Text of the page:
World War II brought more challenges to Camp Russell. Work on camp property was slowed as practically all of the scoutmasters and other volunteers were either in the army or working in support of the war effort. The government policy of rationing consumer goods also forced Camp Russell to adapt. A bus was chartered to transport scouts to camp in an attempt to help parents conserve gasoline and tires. In order for the camp to feed the scouts during the war, the boys had to bring from home their books of ration stamps.
In 1945 Camp Russell offered a new feature for scouts, a rifle shooting range. The rifle range was strictly monitored and only two people at a time were allowed on it with the instructor. Also in 1945 the camp purchased an additional ten acres of land and the camp honor society, Kamargo, became chartered as Lodge 294 of the Order of the Arrow. The Order of the Arrow is a national organization, based on American Indian traditions, for honored scouts recognized by the Boy Scouts of America.
In 1946 Camp Russell lowered its fees from the year before, which had been $12 for a week's stay. There were five different rates in the new revised camp fees, the cheapest being $9.00 a week for scouts who registered as a troop with their leader and brought their own tents and cots. The most expensive rate was still $12 for those scouts who came individually.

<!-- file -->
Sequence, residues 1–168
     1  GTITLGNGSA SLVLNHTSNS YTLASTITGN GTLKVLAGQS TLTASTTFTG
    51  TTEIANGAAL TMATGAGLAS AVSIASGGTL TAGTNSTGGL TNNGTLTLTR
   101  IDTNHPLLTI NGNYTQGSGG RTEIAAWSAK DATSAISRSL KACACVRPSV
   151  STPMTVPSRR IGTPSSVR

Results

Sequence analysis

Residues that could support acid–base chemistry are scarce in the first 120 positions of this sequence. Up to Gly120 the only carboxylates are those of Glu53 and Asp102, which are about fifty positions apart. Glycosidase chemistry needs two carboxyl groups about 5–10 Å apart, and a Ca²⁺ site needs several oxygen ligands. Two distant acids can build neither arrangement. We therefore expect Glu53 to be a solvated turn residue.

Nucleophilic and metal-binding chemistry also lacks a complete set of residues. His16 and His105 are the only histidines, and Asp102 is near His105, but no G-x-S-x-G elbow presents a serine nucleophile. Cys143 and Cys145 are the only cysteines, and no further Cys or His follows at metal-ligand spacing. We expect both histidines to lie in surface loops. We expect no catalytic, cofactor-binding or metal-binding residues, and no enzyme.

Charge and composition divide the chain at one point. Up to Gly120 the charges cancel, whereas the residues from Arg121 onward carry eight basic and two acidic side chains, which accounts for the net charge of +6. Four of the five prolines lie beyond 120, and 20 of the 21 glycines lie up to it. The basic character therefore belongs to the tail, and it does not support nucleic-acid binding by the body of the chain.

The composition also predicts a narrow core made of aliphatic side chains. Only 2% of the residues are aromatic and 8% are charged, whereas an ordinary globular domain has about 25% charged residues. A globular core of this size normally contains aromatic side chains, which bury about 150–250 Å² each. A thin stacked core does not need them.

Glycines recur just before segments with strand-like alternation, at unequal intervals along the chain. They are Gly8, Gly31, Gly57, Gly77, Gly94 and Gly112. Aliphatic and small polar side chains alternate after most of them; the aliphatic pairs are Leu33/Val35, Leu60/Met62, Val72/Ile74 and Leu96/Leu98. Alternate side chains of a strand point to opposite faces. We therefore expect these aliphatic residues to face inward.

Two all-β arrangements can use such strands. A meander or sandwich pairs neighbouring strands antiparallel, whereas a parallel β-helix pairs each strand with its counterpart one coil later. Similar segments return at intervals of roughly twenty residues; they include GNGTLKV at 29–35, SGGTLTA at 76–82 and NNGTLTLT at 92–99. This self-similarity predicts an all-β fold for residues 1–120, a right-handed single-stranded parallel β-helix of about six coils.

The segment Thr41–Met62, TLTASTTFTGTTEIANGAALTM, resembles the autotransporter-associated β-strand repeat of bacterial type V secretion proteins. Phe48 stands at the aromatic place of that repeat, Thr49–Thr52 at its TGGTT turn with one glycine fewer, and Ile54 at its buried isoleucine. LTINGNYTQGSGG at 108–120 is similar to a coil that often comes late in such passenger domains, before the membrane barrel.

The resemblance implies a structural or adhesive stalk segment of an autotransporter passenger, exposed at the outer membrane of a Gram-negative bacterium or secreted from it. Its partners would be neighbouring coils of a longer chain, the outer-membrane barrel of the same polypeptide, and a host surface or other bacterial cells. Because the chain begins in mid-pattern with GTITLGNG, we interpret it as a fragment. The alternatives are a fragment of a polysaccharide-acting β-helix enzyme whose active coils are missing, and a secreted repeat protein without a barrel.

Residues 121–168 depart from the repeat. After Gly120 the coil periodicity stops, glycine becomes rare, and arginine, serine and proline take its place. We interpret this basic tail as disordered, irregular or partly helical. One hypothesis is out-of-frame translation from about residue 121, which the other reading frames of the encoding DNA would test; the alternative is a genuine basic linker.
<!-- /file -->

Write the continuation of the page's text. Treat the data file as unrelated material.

Scouts in the 1940's studied various merit badges, some of which no longer exist. These merit badges included Handicraft, Pathfinding, Angling, Public Health, and Carpentry as well as Camping, Cooking, Swimming, First Aid, and many others.
During the 1950's and 60's various forms of pageantry became part of the program at Camp Russell. Camp newspapers, the "Trailblazer" in the 1950's and "Chipmunk Chatters" in the 1960's, describe such weekly events as backwards days, pajama parties, and comical bathing beauty contests. The most elaborate form of this pageantry took place in 1953 when the camp renamed its village campsites. Formerly the campsites had Algonquin Indian names, Kahagon, Auskrada, and Otenogan. These were changed to the names of the nations of the Iroquois Confederacy, who were the longtime enemies of the Canadian Algonquins. An elaborate ceremony was held complete with "Iroquois Indians" (members of the Order of the Arrow in Indian costume) demanding the Algonquin names be changed or they would "make war" on Camp Russell. These "Iroquois" came across White Lake on canoes and met with the camp director and program director at the waterfront area. A "peace treaty" was then made and the camp promised to change the names. In the following summer weeks, the old village signs were burned in a ceremonial bonfire and a special feast was held with the "Indians."